Why it’s Important to Keep Dad Engaged

June 11th, 2015

When Mom is engaged, children benefit. But when Mom and Dad are both engaged, their Parent Power is amplified: fathers who are involved in their children’s daily lives and keep open lines of communication sharply reduce their children’s risk of substance abuse.

Too often, Mom is the only engaged parent. In our surveys, teens—both boys and girls—are more likely to report having an excellent relationship with their mother than their father. When we ask teens who have never smoked marijuana, “Why?” they tend to credit their decisions to their mothers. When we ask teens to whom they turn to discuss something very serious, they overwhelmingly answer “Mom.”

Children need their fathers to be there day after day, talking, listening, teaching, supporting, encouraging, and loving them. Mom needs Dad to be there too. If Dad is not engaged, Mom has no support in parenting: making decisions, setting rules, enforcing consequences, setting a good example. Children in two-parent families who report only poor or fair relationships with their fathers are at a higher risk for substance abuse then those in single-parent families who have an excellent relationship with their mother or father.

What if Dad can’t make it home in time for dinner? Perhaps he can help the kids with their homework later in the evening or spend time with the kids on the weekends. There are many activities that can help Dad engage with the kids such as: playing sports or games, taking walks, coaching a team, collecting things together, driving the kids to and from activities, or taking weekend or longer trips. Any of these activities gives Dad a chance to show his interest in his children’s hobbies, friends, schoolwork, and development.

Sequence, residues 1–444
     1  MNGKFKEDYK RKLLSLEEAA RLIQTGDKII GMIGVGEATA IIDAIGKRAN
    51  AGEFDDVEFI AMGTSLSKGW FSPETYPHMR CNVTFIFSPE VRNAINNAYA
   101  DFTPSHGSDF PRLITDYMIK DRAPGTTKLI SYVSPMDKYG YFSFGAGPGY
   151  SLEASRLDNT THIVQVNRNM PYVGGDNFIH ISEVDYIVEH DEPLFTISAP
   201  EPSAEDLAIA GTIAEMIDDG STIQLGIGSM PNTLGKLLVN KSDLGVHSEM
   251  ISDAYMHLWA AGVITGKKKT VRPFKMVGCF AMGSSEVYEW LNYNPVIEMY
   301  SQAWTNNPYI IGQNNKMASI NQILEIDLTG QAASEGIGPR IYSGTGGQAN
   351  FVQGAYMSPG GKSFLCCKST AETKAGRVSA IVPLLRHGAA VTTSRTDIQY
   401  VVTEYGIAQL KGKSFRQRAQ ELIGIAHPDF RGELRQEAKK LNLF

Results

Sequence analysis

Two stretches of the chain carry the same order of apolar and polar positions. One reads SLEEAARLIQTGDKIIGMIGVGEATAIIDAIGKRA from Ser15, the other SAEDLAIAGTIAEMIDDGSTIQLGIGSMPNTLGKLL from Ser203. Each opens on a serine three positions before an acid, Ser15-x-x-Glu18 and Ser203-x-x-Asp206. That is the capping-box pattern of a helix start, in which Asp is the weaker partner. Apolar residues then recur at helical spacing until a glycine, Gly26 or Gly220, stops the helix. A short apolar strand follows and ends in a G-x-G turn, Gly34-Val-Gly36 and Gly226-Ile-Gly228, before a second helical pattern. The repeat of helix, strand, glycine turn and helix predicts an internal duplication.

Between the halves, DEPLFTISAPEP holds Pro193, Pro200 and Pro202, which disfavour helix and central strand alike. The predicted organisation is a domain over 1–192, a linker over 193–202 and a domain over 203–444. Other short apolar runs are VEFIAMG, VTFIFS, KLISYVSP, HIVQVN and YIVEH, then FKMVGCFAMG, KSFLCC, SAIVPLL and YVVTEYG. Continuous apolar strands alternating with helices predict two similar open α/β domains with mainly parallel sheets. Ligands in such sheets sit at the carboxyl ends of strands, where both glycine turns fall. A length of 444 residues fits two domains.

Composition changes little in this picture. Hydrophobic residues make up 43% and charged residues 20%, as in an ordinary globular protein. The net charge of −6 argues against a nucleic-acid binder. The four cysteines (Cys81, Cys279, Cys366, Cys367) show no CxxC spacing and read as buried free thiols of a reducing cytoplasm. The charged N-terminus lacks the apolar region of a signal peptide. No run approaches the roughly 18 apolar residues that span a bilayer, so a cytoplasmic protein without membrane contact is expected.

It is essential that fathers, as well as mothers, lay a foundation of frequent and open communication with their children, that they talk and listen to them, set a good example with their own behavior, and that both fathers and mothers give the same consistent messages about not smoking, drinking, or using drugs.

Of course, not every family has two parents. In twenty-first century America, there are all kinds of families. What counts is the engagement of the family heads—and the consistency of their messages about alcohol and drug use. An engaged single parent is more effective than disengaged fathers and mothers in two-parent families.

How does Dad stay engaged in your family? Tell us in the comments section below.

Comments:

  1. Ramon Montoya writes:

    A good blog for the week before Fathers Day…. IF dad is the non – custodial parent he needs to cooperation of mom for shared parenting time.

    Staying engaged with our children is possible by making them the
    number 1 priority. Not letting work get in the way and planning activities with our children is important. There are many free activities to do with our children. We don’t need to spend money to make them happy. Go to the park, library, walk, cook a meal together.

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Should you Tell Your Kids about any Family History of Addiction?

May 28th, 2015